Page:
Author:

5-Year-Olds ConceptPoetry/Songs

This Cat in the Hat book is all about staying healthy. It features nutritional information based on the latest USDA MyPlate recommendations and includes 16 bonus pages of simple, fun physical activities and kid-friendly, healthy recipes.

Before, During and After Reading

Oral Language

Read the title and look at the illustration on the cover. Encourage your child to talk about the things he sees that are healthy. Ask him if he can think of other things he can do to stay healthy.  

Beginning Writing

Have your child write or draw a list of all the healthy habits he names. Ask him to place a checkmark on the list each time one of the healthy habits shows up in the book. For example, he might say that washing hands is a way to stay healthy. When you get to the page in the book about hand washing, invite him to check it off the list!

 

Phonological Awareness

Read the story rhythmically, placing emphasis on the rhyming words. Encourage your child to repeat the rhyming pairs and to listen to the parts that sound the same.  Listening to rhyming stories is a great way to build phonological awareness in your child. 

Oral Language

This is a quite a long story, so you might want to take several breaks to practice some of the healthy habits as you read the book. For example:

  • You might have your child practice sneezing into his elbow or into a tissue. Ask him why he thinks this might be important.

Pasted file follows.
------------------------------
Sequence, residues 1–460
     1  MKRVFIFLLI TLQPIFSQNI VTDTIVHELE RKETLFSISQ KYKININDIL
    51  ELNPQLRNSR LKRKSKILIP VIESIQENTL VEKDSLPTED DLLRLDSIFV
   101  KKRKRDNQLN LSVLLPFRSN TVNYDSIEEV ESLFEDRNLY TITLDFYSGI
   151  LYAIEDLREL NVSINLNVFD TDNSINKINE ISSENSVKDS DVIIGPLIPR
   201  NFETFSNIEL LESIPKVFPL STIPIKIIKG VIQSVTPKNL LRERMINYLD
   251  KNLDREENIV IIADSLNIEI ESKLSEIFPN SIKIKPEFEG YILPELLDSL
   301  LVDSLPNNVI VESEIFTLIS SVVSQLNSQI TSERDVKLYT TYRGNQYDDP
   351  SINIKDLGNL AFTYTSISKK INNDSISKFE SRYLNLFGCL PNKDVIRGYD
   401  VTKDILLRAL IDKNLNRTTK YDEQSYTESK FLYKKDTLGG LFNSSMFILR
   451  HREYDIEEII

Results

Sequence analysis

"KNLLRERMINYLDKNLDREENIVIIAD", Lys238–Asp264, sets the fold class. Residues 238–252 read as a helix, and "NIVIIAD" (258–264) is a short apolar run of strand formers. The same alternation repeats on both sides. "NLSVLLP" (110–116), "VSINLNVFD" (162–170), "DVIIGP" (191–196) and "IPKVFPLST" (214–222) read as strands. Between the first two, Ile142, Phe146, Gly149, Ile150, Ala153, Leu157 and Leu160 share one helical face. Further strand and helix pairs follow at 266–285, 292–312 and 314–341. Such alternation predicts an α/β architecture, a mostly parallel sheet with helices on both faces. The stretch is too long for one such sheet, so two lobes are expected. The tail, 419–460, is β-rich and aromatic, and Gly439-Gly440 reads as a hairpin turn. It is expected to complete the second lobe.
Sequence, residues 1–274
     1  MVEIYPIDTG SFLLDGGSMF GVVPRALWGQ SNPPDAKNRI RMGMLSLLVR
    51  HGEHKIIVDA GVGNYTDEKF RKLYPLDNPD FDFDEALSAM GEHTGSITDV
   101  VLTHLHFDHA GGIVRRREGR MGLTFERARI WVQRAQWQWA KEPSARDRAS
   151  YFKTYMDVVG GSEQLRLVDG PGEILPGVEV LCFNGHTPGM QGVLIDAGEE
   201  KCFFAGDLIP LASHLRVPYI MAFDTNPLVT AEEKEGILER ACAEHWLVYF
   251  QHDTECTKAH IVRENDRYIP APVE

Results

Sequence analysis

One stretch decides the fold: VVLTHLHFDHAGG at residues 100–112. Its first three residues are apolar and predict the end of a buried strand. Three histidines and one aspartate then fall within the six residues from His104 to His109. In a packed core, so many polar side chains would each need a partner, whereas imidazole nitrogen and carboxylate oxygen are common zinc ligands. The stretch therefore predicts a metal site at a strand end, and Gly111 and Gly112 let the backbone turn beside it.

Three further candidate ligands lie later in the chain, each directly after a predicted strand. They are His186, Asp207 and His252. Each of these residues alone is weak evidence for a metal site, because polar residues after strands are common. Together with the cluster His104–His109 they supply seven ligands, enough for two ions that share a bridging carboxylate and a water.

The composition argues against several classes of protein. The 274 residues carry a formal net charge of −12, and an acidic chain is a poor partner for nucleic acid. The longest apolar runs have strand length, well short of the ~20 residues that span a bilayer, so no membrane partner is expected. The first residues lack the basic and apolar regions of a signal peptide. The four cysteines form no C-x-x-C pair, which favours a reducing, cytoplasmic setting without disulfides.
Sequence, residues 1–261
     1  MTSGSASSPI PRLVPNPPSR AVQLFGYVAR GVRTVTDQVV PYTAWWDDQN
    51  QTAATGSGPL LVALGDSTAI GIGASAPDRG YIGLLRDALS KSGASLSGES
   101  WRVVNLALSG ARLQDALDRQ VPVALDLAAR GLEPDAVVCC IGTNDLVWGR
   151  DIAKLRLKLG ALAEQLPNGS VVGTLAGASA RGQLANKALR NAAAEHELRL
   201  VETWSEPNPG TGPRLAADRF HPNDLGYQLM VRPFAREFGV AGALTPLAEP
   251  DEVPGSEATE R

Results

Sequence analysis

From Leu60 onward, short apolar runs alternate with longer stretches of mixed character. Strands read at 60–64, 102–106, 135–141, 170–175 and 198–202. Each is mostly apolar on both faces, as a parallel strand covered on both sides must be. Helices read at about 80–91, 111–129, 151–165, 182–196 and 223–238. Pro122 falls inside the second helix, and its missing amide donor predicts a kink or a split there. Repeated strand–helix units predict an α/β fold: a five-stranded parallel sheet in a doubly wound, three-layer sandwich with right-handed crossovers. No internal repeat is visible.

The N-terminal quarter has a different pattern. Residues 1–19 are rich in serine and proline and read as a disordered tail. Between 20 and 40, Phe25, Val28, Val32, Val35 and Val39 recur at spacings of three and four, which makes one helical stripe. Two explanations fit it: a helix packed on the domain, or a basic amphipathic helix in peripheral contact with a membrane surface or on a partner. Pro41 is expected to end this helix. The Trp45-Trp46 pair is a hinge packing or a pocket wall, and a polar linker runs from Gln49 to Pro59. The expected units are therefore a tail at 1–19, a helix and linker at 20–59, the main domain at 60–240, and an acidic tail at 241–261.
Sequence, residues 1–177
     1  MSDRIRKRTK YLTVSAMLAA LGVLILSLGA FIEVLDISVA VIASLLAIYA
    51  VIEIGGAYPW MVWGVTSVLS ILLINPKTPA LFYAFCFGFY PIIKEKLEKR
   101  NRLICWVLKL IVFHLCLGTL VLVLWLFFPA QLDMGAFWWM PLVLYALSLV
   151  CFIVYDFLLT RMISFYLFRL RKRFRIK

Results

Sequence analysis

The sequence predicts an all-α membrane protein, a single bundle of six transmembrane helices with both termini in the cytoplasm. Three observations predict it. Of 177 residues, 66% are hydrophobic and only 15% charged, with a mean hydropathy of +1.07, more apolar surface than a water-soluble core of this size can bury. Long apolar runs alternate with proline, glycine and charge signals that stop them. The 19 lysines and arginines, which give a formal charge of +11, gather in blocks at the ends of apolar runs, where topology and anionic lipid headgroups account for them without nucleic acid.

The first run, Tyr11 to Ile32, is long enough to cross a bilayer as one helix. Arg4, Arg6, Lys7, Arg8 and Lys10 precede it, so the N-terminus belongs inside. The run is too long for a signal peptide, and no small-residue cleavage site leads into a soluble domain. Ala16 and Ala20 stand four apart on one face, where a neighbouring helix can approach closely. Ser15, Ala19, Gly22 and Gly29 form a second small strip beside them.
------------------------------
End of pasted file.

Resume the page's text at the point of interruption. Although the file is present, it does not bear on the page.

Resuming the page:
• Go into the bathroom and wash your hands, using the song by Zing-Singing Zanz.   
  • Let your child tell you about how he is feeling.
  • Practice brushing and flossing teeth.

Beginning Writing

The last part of the book describes simple, fun physical activities. Set some goals with your child around physical activities. Start a weekly calendar and encourage him to write down or draw a picture of the physical activities he will do daily. Each day, identify the day of the week and have him “read” the calendar entry.  He can place a star on the days when he completes the featured activity. Your calendar might look something like this: 

Sunday

Try to run for five minutes, then run again, and soon the five minutes will turn into ten.

Monday

Jump rope like the Things! They do it like this – they count how many times they can jump . . . till they miss!

Tuesday

Like the Buggles, get up off the couch and start hopping! How many hops can YOU do without stopping?

Wednesday

Start some music and try the Things’ favorite trick. Take turns doing the limbo under a pole or a stick.

Thursday

Be like the Garoo – jump on your bike and ride. You can get where you’re going AND spend time outside!

Friday

Freeze-dance with the Snuff-Gruffle (before he starts to sneeze)! Play a song, start to shimmy, jump, shake, twirl, then . . . freeze!

Saturday

Swim like the Fish! He thinks that it’s cool to race against Dick in the town swimming pool.

 

Beginning Writing

Make some of the featured recipes with your child.  Working together, you might create a jumbo size recipe card. While you write the words, you can ask him to draw pictures of the ingredients. Here’s an example of a picture recipe card for “On the Go Rainbows.”   

OTG_Rainbows

Try reading the book Staying Healthy. Then, explore other recommended children’s books and reading activities for five-year-olds, or take the Reading BrightStart! Preschool Reading Screener. The screener can help you determine if your child is on the path to reading readiness, and provides a free plan for moving forward.